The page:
In the wild Cymbidium goeringii is most commonly seen as a green flowered plant with a white lip. On rare occasions flowers with brownish-orange flushing in the sepals and petals, or dirty yellow color can be found. Only very rarely is a pure red, orange, or yellow flowered plant discovered. All of these special forms are coveted by shunran growers, and high quality flowering clones command equally high prices.
I first was introduced to these lovely plants at a Japanese orchid show soon after arriving in Kyushu nearly ten years ago. I was floored by the intense red forms in particular, but then I saw a lemon yellow one at a sales bench that was so pure I almost couldn’t believe my eyes. My eagerness to buy the plant was muted the minute I saw the price tag – 30,000 yen or about $300 US at the time.
In the intervening years I have seen literally thousands of special forms of Cymbidium goeringii on display and for sale at both small and large orchid shows. One thing I’ve come to understand is that not all of them are lovely things, in fact only a very few select ones are truly beautiful. Having said that, when you see a good clone in full flower it takes your breath away. The following shunran are some of the more lovely red, orange, and yellow ones I’ve seen. The lips of all types are white, some pure white while others are marked with purple spots here and there.
One of the better known red to deep orange forms is ‘Mebina’. The following photos show two different plants with different colors with the pure red form being more typical of this type, at least in ones I’ve seen. Another lovely red flower is ‘Benitemari’. Flowers with this rich a color are highly sought after and are very expensive. Perhaps a single lead division might run anywhere from $100-$300, or even more.
No less lovely are good orange forms. The first shown here is ‘Fukunohikari’, a plant I bought years ago in flower. I have yet to get it to flower as nicely unfortunately. I’ve talked to growers about this form and many agree it is a tough one to flower well. Too bad since it is lovely.
Another very pretty red to orange form is ‘Benitaiko’. As you can see, the flower retains a fair amount of green in the petals and at the base of the sepals. Its name is translated as “red queen” (off with their heads!).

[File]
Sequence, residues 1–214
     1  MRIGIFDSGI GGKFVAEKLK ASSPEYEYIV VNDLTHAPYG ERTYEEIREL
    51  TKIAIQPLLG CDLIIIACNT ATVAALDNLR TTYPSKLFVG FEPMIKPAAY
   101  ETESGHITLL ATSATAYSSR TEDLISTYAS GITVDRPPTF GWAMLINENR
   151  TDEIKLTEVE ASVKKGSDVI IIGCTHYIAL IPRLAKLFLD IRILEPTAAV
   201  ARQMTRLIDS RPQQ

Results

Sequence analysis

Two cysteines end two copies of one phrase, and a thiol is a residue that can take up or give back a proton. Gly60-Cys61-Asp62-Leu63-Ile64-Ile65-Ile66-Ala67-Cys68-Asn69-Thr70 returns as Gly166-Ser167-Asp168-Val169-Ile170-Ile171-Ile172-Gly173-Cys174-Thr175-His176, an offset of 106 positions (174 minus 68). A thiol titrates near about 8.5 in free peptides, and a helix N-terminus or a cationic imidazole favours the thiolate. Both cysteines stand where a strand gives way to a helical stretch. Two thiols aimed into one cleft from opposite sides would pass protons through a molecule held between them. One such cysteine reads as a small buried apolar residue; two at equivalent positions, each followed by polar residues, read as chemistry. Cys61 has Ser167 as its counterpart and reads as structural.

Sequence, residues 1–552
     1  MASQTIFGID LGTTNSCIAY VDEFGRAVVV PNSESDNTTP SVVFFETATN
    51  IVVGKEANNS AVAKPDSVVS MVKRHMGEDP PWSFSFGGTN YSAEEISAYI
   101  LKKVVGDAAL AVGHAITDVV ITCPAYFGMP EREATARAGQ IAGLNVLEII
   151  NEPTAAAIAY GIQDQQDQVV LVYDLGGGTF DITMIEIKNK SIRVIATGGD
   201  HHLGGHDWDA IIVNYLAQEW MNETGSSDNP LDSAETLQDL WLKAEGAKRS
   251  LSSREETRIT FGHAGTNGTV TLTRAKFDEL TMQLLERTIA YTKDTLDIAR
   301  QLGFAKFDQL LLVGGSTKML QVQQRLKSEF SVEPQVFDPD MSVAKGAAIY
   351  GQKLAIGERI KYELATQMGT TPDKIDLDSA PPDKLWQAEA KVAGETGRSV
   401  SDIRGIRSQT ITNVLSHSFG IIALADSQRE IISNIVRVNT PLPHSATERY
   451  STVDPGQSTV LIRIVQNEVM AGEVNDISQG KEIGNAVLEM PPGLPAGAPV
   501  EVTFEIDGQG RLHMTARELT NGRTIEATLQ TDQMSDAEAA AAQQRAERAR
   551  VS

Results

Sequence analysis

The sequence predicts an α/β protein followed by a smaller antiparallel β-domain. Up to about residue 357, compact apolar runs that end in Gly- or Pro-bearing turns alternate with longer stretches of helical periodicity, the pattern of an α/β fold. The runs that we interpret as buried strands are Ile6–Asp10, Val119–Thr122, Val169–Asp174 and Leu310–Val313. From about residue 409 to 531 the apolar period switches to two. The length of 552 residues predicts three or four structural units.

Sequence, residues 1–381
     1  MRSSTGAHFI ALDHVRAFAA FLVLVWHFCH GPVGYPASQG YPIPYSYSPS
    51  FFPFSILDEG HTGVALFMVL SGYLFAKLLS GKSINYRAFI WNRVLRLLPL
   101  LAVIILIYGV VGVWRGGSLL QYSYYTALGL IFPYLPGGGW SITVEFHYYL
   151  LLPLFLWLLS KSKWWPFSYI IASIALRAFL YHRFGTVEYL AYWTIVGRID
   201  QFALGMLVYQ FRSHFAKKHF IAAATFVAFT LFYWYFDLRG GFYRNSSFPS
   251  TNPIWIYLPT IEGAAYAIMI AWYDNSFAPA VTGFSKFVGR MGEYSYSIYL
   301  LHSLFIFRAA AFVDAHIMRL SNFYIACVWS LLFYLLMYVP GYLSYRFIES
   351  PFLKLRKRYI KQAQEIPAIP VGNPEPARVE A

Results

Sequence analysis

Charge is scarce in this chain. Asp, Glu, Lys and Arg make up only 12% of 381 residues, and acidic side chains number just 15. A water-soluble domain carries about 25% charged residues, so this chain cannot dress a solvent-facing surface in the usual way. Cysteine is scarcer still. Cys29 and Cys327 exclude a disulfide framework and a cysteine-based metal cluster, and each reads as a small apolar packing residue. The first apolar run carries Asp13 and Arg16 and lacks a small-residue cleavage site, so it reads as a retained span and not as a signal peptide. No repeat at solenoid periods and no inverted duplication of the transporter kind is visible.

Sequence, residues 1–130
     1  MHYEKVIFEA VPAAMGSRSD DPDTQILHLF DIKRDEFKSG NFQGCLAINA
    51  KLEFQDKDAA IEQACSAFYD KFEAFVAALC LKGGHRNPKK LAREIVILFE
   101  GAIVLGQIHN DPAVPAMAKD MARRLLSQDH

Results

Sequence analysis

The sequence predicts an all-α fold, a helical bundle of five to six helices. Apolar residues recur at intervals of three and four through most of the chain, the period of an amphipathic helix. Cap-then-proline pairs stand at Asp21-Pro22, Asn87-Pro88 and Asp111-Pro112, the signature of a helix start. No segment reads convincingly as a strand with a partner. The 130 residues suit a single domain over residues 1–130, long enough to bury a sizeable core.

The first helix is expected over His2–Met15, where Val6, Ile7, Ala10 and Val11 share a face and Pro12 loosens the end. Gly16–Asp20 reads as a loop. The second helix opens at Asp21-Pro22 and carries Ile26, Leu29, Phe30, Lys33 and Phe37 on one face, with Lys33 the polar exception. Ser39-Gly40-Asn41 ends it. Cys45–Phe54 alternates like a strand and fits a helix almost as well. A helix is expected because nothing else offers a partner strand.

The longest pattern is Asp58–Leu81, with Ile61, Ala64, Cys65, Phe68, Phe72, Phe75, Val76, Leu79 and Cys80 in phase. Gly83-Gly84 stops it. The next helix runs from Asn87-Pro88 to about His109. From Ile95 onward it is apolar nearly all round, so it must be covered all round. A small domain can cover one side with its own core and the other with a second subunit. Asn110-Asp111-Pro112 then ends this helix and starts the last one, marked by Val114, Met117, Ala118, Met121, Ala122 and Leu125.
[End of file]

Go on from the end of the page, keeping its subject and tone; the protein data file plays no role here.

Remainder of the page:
Perhaps even more startling are the yellow flowered plants, especially those that are pure yellow. The first shown here, Kohakuden, fits that description well. Very few plants have such clean and bright color. Its name is fitting, meaning “amber palace”. The second yellow flowered plant pictured is Kihou (“yellow treasure”), a flower that retains quite a bit of red color.
Most of these forms were collected from the wild in the past, but as time goes on fewer and fewer colorful forms remain in nature. That has lead to breeding new forms. Still, you hear stories of a yellow or orange flowered plant being found and sold for hundreds of dollars to the highest bidder. The truth of such stories remains in question – such is the nature of collecting rare orchids that command high prices.
While blooming the more common green flowered forms is straightforward, the colored varieties of shunran tend to be a bit more tricky. One reason is that once the flower buds are set in the fall, it is necessary to cover them with a hood to keep out light over winter. This is done so that the resting flower bud doesn’t develop chlorophyll, thus muddying the red, orange, and yellow color of the flower later on. Buds that remain uncovered will have much more green in them, thus clouding their beauty. The process is very much like making white asparagus by covering it with hay. This hood can be made of any material that works – a breathable opaque fabric would be ideal, but many folks simply make them from tin foil.
Another trick to getting them to bud well in the fall is to dry them out a bit in late summer – not bone dry of course. Also around mid summer you should stop fertilizing since continued feeding will only produce more leaves and few if any flower buds. The flower buds need to be protected during cold weather as well – from dry winds and frost in particular. The ideal winter temperature is around 5-8 C. Plants should be protected from the elements – wind, rain, snow, and frost. Once the buds begin to elongate in late winter or early spring, the hood should be removed.
Lovely, yet expensive and illusive to most western growers, the colored forms of Cymbidium goeringii remain a tantalizing prospect for most. As with many highly collectable plants in Japan, access to them outside their native lands is so far very limited.